The homework had been to write a restaurant review. I wrote about an out-of-the-way German place my parents had wanted to try. I described the polite waiter, the salty potatoes and the sauerbraten. Mr. G returned the papers and it was a good day. W was absent and I got an A on my review. I swooned over the encouraging notes in red pen: Great job! You’ve pointed out the pros and cons and that made the review balanced! Whispers crawled across the classroom after Mr. G handed everything back: Lucky! Cool! Oh no, I forgot to write about that. Then: Did you hear? I didn’t know what I was supposed to have heard. D told me on the blacktop after school.
“W didn’t do the homework right,” D told me, swinging his backpack over his small shoulder.
“What, he made a bunch of mistakes?” I asked absently, looking for my friend E in the crowd. I wasn’t interested in W’s minutiae. In fact, I had been secretly plotting a way to leave water on W’s chair the day he’d return to school. I wanted to make it look like he’d pissed his torn up Levi’s, but I couldn’t pull it off without getting caught. I waved at E to wait up.
“No, not mistakes,” D explained. “W got suspended. He never wrote the review. He wrote an essay about what it would be like to drop dead.”
Sun shot through my window one April, an angelic glow corrupted by the dust colonies of my neglected room. I was fifteen or sixteen, bored with my still life sketches, heartthrob posters and Teen Beat magazines. It had been a punishing winter, snow so high and stubborn we’d had to dig just to walk out the damn door. I wanted to be outside. I called D.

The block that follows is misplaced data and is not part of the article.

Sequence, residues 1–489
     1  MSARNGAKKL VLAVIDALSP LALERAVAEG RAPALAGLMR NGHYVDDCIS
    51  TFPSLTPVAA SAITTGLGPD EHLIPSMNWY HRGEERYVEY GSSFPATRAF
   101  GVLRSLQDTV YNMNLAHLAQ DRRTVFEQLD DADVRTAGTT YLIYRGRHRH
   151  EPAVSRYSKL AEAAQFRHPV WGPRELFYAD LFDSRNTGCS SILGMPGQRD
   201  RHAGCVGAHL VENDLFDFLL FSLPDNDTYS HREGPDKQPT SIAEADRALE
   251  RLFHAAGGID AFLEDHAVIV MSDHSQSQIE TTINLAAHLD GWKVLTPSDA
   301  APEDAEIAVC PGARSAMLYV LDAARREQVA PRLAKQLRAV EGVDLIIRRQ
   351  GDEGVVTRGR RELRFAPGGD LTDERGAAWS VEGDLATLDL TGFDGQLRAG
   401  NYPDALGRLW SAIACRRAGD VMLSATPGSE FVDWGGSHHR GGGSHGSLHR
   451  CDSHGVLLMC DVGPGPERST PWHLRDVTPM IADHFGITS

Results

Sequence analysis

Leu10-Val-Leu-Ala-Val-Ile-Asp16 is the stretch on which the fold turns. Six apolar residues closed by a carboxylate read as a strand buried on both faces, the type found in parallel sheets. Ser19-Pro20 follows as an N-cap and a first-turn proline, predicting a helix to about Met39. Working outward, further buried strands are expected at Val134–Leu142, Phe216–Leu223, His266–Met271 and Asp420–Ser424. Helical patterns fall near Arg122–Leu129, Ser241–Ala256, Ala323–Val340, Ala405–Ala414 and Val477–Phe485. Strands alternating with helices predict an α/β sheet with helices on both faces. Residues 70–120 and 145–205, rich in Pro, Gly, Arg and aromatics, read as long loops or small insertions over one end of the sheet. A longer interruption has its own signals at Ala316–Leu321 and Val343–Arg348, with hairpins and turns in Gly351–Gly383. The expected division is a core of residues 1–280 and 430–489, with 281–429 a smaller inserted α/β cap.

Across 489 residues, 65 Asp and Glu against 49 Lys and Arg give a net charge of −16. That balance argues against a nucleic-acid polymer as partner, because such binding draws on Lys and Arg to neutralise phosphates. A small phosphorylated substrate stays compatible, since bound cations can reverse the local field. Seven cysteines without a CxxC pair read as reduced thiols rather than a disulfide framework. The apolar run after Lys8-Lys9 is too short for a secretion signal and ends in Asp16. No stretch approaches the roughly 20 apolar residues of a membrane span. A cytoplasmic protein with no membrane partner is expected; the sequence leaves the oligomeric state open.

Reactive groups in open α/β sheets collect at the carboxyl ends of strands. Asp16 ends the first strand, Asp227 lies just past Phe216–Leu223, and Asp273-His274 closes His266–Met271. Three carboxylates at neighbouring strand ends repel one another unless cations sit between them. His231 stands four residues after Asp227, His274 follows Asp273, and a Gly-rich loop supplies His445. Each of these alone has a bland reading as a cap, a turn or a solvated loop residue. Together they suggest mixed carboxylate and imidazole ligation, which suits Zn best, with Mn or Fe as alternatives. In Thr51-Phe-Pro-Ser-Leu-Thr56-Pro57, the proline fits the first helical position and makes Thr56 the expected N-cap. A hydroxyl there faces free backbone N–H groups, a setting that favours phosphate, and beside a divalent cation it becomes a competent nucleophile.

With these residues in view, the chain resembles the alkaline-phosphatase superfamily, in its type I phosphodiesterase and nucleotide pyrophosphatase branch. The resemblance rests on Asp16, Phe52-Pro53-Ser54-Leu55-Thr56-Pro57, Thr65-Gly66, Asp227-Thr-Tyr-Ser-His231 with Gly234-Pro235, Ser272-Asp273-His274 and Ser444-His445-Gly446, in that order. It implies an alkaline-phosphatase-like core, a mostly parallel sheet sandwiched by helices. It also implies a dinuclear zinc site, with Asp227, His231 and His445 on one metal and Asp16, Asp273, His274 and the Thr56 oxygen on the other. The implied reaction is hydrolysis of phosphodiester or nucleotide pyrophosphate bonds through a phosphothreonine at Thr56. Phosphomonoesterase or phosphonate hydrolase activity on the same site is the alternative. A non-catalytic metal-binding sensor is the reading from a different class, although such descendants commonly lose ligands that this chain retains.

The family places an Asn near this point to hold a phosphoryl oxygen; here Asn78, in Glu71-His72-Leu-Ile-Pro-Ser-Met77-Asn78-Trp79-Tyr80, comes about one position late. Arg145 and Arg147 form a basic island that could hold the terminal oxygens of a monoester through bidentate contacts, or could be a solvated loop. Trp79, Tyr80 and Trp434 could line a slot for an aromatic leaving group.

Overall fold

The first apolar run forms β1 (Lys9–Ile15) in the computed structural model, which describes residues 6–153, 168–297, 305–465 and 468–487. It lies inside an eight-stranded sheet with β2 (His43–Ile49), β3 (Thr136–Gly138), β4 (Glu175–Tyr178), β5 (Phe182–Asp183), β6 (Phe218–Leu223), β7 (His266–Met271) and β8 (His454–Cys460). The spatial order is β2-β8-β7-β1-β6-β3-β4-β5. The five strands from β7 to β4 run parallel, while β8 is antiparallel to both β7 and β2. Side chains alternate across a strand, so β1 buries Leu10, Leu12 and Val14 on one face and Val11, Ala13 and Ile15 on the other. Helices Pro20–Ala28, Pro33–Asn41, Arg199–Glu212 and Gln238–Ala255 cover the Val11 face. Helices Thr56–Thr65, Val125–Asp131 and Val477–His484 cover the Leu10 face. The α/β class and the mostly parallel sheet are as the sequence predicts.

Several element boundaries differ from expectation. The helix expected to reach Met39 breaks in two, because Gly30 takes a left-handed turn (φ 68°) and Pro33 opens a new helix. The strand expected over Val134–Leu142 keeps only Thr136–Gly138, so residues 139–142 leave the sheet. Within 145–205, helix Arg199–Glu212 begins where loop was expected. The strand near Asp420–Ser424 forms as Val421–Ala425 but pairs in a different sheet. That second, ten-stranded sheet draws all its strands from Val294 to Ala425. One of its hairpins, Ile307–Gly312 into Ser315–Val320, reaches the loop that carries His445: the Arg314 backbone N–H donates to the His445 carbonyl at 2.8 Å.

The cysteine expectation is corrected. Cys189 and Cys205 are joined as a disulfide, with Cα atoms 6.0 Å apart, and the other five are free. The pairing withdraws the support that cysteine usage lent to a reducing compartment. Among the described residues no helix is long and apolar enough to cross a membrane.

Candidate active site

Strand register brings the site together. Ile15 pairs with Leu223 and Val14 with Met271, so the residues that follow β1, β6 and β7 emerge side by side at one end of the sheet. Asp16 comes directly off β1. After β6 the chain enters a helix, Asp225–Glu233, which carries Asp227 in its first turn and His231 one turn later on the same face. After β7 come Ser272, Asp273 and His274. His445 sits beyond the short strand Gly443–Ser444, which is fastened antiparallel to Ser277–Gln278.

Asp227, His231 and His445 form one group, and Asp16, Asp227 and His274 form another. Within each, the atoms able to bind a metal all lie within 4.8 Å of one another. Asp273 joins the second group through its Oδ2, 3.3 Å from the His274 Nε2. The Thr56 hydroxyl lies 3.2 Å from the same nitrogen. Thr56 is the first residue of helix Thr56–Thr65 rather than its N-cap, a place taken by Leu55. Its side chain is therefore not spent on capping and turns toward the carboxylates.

“I’m gonna walk to that sandwich place behind the billiards. Wanna come?”
“Yeah,” D said, “I want to go but I have a meet.” D was competing now, flipping on parallel bars, holding steady on the still rings. “I’ll be back by two. Can you wait?”
The parking lot behind the billiards was almost empty, the annual church carnival attracting throngs to the other side of town. I showed up early to window shop before D, E and a couple of other friends showed up for sandwiches. I strolled in the quiet, until I heard the yelling.
“Stupid son of a bitch! What have I told you? What have I told you, you fucking idiot!”
I scanned the lot, my heart pounding.
I saw their feet from behind a pickup truck a few yards away. I knew better than to step closer, but I did it anyway. Behind the truck, bawling, eyes wide with terror, was H, with a man who couldn’t have been his father.
“Answer me you idiot!” The man yelled before backhanding H across the face. H cowered. The screaming man shoved H into the cab of the pickup truck, jumped behind the wheel, backed out and screeched past me. I froze. It happened so fast I wondered if it had happened at all. Are you sure? I could hear my mother ask. I was sure of only one thing: the look on H’s face as the pickup roared past. The desperate wanting in his eyes a breathless begging whisper: Please don’t tell.
I never did.
I didn’t see much of H and W in high school. By junior year W had disappeared. Sometimes I’d see H in the hall between classes, hands tucked into the front pockets of faded jeans, metal head jacket over broad shoulders, something wild buried in his eyes. Some might’ve thought him gorgeous. His clothes fell easy over his 6-foot tall frame, and he was no longer pimply. His pool blue eyes and shock of blonde hair were arresting. But he had an emptiness. H never said hello, never smiled. I used to think he’d corner me in the hall, lean in like his 6th grade self and growl at me. He was beyond that, beyond flirting with the lip-glossed cheerleaders in their miniskirts, disinterested in the class clowns telling dirty jokes at their lockers. He disconcerted the toughest jocks on the football team just by sauntering around a corner in a mob of other kids.